Morven with headphones

The impact of COVID-19

Coronavirus (COVID-19) hit in the third chemotherapy round which made life challenging, but ultimately meant Morven was not mixing with others and remarkably she stayed infection free throughout her entire treatment period. It also meant she wasn’t the only person missing out on school and experiences so she wasn’t as socially impacted as she would have been. After the fourth round of chemotherapy, Morven was assessed and granted proton beam radiotherapy at the hospital in Manchester. This was hard as our family had to separate for a time. Her dad taking her to live in Manchester so that they could attend the hospital each day while he worked while I remained in Surrey with the other children. When Morven was diagnosed, we decided to return to our native Scotland to receive more family support. We had considered it prior to this, but this was the tipping point. By the time she went to Manchester with her dad the house had been sold and I was preparing to move with the other children, which with COVID was hit by delays and uncertainties. Eventually in May 2020 the whole family went to Manchester to be with Morven as she finished her radiotherapy treatment before we returned to Scotland.

Morven hugging sister

The cancer has gone

Morven coped amazingly with radiotherapy, never needing sedation and being healthy and active by jogging out with me every day along Manchester’s canals. Manchester will always hold a special place in our lives and the staff were unbelievable. We returned to Glasgow where Morven finished her last chemotherapy treatments in July 2020 under the care of Dr Dermot Murphy. He still remains a trusted and wonderful figure in her ongoing monitoring. By the end of chemotherapy, Morven was beginning to find it harder and harder to recover but still managed to run a charity race in aid of the hospital. In September 2020 we were given the news that the cancer had gone, and treatment had been successful.

Morven hugging mum in hospital reception

Dreams of being a professional footballer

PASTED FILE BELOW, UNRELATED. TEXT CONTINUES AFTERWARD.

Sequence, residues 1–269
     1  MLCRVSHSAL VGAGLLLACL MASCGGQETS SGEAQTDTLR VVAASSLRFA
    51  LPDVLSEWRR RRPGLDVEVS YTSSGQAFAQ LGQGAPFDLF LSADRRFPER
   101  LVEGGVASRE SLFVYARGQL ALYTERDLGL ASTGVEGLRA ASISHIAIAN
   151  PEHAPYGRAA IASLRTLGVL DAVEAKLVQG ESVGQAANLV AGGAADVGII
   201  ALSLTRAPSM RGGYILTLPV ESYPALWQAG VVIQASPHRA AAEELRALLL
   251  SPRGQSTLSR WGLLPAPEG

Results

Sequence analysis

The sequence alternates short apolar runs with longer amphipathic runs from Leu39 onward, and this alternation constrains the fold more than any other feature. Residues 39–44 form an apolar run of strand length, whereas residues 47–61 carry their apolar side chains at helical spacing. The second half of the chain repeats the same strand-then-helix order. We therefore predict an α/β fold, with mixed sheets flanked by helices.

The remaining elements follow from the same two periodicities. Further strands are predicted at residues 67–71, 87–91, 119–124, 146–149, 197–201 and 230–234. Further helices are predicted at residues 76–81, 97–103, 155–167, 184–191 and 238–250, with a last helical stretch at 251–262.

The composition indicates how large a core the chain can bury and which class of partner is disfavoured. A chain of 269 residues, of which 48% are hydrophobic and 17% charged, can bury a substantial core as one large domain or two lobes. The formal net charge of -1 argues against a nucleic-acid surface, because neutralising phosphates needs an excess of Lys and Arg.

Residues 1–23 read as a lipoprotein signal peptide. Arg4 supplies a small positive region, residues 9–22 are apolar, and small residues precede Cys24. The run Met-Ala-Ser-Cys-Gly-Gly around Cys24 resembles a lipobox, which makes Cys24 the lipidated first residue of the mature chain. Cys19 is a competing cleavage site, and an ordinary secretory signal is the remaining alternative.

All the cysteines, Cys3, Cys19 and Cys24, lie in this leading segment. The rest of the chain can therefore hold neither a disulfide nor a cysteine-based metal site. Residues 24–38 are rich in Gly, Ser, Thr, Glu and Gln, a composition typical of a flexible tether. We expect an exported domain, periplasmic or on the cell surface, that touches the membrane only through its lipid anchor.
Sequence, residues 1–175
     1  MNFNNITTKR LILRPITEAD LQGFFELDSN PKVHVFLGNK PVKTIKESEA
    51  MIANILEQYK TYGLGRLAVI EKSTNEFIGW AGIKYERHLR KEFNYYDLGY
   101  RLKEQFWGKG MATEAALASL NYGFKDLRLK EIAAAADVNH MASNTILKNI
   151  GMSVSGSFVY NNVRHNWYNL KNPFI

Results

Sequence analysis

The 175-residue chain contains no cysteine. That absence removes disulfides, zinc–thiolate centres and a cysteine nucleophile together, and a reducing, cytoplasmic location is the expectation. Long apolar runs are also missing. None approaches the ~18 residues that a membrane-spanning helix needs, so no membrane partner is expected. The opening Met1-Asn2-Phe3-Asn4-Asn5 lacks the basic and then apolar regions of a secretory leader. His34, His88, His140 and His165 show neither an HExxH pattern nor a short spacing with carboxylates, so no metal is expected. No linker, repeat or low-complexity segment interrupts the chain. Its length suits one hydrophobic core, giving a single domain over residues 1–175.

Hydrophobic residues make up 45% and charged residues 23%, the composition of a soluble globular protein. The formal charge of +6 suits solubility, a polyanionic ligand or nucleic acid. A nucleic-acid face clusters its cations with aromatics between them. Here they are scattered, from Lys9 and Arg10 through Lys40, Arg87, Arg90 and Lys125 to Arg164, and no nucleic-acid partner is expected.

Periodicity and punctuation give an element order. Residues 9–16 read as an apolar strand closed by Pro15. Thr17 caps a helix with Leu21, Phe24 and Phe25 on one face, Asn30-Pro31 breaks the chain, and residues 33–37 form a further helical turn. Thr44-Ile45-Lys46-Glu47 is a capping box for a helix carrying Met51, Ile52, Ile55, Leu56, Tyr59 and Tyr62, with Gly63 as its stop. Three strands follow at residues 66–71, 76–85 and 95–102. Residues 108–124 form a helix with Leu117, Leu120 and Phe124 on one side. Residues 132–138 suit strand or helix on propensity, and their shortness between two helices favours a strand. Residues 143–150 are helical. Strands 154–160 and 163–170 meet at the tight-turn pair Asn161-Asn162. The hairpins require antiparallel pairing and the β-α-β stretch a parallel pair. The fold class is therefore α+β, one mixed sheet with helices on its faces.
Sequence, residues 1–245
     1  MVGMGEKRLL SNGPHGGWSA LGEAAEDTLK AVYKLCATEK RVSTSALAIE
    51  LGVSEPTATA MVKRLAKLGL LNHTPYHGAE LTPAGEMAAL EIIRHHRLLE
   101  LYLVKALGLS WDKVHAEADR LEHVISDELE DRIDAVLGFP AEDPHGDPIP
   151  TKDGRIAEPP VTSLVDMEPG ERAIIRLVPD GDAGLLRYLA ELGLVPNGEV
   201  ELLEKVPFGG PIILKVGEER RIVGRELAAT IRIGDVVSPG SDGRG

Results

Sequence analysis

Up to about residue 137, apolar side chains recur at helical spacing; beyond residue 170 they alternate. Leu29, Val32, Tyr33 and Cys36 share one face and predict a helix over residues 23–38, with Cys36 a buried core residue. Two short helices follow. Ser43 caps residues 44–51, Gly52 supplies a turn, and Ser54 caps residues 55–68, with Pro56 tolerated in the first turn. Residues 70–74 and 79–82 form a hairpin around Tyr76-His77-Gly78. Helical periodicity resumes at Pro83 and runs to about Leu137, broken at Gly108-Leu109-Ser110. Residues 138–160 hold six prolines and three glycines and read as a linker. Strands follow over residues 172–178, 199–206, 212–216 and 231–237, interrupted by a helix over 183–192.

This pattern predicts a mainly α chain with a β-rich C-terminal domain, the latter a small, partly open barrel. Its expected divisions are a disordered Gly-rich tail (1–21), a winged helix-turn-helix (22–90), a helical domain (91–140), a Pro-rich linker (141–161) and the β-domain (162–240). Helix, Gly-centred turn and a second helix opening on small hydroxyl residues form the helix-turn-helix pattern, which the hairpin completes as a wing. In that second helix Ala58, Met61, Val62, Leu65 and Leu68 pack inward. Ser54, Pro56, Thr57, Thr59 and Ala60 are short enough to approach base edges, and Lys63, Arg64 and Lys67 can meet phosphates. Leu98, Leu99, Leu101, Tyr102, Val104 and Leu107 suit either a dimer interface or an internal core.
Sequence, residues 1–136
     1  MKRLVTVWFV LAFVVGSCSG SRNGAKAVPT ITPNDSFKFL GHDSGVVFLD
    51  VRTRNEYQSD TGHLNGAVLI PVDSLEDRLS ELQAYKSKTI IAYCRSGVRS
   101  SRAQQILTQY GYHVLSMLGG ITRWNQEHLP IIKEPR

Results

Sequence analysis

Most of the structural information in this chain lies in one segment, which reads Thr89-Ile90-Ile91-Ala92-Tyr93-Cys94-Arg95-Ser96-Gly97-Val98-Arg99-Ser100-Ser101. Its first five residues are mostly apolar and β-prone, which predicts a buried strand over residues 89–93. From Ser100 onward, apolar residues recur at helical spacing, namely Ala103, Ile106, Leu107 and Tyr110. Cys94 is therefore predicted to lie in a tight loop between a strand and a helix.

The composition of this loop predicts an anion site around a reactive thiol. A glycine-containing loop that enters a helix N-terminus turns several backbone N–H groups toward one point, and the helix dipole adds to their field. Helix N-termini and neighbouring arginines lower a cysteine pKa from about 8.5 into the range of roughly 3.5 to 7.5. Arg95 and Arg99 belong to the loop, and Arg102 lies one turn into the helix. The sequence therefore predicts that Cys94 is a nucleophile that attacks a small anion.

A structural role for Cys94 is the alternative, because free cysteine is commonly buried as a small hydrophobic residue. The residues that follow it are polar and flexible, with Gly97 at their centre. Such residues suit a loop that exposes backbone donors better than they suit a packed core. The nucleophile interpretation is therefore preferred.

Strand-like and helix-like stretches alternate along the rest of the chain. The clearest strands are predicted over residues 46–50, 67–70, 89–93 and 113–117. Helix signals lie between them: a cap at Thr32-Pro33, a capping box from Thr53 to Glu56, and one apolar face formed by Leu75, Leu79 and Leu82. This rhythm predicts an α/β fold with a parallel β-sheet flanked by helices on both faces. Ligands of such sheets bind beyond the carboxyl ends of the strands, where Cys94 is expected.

Morven returned to school when they reopened in August 2020 and has never looked back.  She excels academically and loves all sports particularly football and running. She played for her local team St Cadocs Youth Club and in 2022 was girls only player of the year and mixed football player of the year. In August 2022 she was signed by Kilmarnock FC’s girls academy programme. She has represented her running club Giffnock North at the highest level. This summer she will go to play at a summer camp for Chelsea FC, her dream. The Club has supported Morven through their foundation with a trip to their training ground and to a match after COVID restrictions were lifted and it will be very emotional to see her go off to this camp with them in the hope of one day becoming a professional footballer.

Morven with glasses smiling at camera

Morven inspires us all

Morven continues to have an MRI every four months and attends clinic with her consultant. All we can do is hope and pray she stays well. She is now almost three years all clear, and we can’t even believe it happened.  It was the hardest thing in the world as a family to watch this happen to Morven as well as having a new baby, a toddler, a house move between countries and COVID to deal with, but she inspired us with her bravery and all that she has gone on to do. I hope that sharing this story will inspire others not to give up, to see that there can be a way through and to draw strength from their children’s courage as we did with Morven. She had a smile on her face the whole way through and we felt that we had to do the same. Thank you for giving me the opportunity to share this story.

Cara, Morven’s mum, July 2023

I hope that sharing this story will inspire others not to give up.